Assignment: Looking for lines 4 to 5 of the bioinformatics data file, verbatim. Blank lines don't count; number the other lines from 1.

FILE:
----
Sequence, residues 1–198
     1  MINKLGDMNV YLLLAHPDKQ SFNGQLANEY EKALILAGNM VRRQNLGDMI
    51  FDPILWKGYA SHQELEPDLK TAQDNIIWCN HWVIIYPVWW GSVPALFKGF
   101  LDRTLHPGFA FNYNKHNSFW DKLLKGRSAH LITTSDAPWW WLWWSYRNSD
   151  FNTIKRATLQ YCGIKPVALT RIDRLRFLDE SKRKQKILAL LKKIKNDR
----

   101  LDRTLHPGFA FNYNKHNSFW DKLLKGRSAH LITTSDAPWW WLWWSYRNSD
   151  FNTIKRATLQ YCGIKPVALT RIDRLRFLDE SKRKQKILAL LKKIKNDR